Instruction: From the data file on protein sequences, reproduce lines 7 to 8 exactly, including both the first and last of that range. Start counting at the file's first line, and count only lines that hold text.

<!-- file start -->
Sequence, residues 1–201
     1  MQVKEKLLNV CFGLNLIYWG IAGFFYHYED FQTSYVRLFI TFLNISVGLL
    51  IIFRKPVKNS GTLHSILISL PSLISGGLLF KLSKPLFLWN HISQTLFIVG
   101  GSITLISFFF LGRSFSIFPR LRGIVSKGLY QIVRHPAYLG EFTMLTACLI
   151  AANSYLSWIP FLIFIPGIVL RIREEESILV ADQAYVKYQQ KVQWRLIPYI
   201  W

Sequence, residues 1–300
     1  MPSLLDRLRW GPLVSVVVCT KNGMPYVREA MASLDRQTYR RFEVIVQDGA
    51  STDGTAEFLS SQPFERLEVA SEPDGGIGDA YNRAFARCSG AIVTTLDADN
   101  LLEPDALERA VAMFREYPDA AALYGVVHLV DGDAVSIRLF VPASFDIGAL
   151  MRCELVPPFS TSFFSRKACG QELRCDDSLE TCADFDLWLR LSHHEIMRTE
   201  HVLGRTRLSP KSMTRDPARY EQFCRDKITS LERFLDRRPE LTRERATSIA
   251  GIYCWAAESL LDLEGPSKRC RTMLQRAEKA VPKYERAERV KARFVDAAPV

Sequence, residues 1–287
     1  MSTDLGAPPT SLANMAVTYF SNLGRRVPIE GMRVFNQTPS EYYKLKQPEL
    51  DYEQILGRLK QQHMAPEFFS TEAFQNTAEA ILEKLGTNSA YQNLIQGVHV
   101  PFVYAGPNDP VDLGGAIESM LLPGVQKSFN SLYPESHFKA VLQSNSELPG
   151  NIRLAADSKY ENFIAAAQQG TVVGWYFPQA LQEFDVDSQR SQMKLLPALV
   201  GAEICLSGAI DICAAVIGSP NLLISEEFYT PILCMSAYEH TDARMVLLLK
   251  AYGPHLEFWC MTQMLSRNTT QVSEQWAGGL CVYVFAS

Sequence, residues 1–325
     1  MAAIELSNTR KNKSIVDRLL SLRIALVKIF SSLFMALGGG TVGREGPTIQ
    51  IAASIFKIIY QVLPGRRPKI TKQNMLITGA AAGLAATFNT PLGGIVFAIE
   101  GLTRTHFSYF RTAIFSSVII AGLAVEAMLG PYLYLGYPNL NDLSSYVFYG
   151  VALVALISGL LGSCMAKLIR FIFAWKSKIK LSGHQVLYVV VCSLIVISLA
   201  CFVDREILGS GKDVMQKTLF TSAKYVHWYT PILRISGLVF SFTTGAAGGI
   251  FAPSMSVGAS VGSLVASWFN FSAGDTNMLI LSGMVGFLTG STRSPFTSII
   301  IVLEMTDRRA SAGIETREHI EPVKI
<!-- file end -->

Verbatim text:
Sequence, residues 1–300
     1  MPSLLDRLRW GPLVSVVVCT KNGMPYVREA MASLDRQTYR RFEVIVQDGA